After failing to set up gentoo I’ve decided to stop using linux. After thinking about it for some time I finally installed emacs. Now instead of Arch Linux, I have an entry for emacs in my GRUB config.
Jokes aside, emacs is actually an awesome text editor! Though I think
C-x C-f is bullshit. Evil mode
is the greatest emacs extention! I’ve been using Doom Emacs which is an emacs “configuration framework” which comes
with Evil mode turned on by default. Idk if it counts as cheating but I don’t really care.
Honestly, getting used to emacs was not hard but not easy either. It was somewhere in the middle. It wasn’t too hard probably because I had experience with vim. But apart from having similar keybindings with Evil mode, and having kind of the same philosophy of never leaving your keyboard, emacs is much different.
It’s one of the most polished IDE I’ve used
Okay, the only other IDE I’ve used is IntelliJ Idea, so I don’t think I have too much experience, but Doom Emacs is really the most fun text editor/IDE to code in. It has support for multiple programming languages, which is the most important for me, but it also has a great way of navigating around the projects and also has git integration that I really haven’t used much.
Unlike vim, it does have long startup times but apart from that, it’s pretty fast and has LSP support (especially Doom Emacs which has some bundled packages for lots of languages), and it just feels much more polished as compared to something like CoC.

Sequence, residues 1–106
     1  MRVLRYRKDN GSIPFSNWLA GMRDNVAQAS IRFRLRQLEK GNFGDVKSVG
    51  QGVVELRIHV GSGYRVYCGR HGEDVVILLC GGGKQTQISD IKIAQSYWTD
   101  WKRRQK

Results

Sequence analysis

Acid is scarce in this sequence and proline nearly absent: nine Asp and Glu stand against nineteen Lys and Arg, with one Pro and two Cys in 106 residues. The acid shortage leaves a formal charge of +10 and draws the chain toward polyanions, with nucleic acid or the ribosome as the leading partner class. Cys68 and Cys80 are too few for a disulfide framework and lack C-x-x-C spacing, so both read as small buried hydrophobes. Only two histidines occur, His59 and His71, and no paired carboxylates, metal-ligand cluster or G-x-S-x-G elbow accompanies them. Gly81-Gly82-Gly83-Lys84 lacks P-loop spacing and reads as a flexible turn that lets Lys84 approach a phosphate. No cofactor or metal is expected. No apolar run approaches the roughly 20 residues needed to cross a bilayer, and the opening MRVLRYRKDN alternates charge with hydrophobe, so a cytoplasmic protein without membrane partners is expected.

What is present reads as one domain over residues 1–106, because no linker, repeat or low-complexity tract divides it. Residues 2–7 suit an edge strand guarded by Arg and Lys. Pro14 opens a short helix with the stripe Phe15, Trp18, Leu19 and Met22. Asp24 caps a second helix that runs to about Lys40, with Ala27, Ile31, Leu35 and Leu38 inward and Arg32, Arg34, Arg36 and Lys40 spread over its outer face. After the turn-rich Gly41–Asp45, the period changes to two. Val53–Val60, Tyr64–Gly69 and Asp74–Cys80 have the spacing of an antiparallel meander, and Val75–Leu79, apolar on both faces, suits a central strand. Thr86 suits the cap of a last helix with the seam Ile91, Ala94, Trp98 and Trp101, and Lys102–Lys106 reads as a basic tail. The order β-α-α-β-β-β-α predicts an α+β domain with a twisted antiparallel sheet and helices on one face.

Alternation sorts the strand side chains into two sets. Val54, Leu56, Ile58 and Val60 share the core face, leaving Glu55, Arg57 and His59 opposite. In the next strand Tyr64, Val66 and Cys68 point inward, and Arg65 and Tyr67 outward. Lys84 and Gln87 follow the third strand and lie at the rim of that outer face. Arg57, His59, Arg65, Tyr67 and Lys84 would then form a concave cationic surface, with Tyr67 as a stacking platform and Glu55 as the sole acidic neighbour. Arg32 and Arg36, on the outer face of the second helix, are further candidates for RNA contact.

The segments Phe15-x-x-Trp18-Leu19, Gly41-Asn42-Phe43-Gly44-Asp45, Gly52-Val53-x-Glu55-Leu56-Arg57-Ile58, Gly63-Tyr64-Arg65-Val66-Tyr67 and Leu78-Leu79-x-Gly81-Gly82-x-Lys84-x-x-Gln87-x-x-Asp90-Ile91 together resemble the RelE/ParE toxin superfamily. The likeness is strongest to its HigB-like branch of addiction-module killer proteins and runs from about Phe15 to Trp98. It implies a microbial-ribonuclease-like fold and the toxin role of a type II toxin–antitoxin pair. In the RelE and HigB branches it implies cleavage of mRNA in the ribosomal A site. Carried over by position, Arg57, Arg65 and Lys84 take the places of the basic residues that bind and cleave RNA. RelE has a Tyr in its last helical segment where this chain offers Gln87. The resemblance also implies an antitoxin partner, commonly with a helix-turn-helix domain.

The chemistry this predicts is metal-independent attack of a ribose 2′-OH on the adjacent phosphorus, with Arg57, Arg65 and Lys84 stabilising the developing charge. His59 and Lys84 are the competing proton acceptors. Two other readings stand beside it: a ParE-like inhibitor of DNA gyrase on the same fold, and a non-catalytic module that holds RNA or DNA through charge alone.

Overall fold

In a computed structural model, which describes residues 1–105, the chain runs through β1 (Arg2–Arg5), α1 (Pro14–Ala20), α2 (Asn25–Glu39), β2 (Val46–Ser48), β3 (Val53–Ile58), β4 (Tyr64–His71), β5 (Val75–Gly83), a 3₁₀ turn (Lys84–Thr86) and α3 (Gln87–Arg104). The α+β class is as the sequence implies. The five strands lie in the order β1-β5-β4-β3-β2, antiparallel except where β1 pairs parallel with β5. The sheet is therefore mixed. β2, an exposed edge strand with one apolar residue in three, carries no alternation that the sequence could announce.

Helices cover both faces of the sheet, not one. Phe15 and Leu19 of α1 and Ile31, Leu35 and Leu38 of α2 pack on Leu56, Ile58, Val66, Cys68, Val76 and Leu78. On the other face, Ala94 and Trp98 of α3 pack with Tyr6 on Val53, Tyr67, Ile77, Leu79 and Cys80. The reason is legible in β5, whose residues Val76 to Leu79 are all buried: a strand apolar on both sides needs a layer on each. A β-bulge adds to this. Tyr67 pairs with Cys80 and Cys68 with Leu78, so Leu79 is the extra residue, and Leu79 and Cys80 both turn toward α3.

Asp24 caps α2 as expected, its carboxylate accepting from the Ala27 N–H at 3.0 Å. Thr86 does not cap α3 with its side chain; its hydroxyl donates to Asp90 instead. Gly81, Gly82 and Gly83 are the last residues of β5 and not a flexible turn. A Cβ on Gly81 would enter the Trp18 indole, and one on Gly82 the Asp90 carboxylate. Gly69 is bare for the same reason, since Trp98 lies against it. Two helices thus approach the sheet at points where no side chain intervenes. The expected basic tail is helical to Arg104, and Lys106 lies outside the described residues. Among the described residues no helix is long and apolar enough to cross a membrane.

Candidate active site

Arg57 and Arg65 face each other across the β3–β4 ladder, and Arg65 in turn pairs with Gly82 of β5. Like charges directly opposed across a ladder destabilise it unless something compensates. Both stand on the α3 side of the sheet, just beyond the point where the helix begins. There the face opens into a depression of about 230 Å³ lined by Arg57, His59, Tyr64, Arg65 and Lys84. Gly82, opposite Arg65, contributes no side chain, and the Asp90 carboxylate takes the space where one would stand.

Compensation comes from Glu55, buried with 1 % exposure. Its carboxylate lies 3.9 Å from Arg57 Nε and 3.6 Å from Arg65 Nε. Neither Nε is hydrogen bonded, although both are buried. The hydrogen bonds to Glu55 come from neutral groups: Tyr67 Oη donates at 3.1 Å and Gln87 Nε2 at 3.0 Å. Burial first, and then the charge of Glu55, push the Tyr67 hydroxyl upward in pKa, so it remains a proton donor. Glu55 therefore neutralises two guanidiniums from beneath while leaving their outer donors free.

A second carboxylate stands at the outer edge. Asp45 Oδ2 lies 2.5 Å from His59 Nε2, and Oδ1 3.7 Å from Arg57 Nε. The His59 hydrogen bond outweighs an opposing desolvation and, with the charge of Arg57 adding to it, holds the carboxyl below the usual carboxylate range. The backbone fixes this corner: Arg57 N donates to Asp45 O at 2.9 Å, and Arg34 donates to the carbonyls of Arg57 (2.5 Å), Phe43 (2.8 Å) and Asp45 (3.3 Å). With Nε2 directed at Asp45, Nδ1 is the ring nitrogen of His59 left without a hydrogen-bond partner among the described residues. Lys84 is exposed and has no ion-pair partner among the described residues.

Emacs can literally do anything
The only thing keeping me from directly booting into emacs is my XMonad config which is I’m way too comfortable with. I mean, Emacs can act as a text editor/IDE, an image viewer, PDF viewer, web browser, music player, email client, RSS reader, and A WINDOW MANAGER
That’s pretty cool! I might try exwm (I think that’s what it’s called) when I get more comfortable with emacs..
Try out Emacs NOW!
Emacs is really innovative, it feels like home because of the vim emulation but with a plethora of extra features. Since emacs manages its own internal buffers, as a tiling window manager user I found it kinda hard to get used to, but in the end I feel much more productive. I haven’t even tried out most of the features I know about, like I have changed like 5 lines in the config file so there is still a lot for me to learn, but it’s very fun!
Even if you don’t have much experience with vim, I recommend trying out emacs. I think apart from the weird buffer/window thing and the keyboard-driven interface, it still feels much closer to things like VSCode, not vim.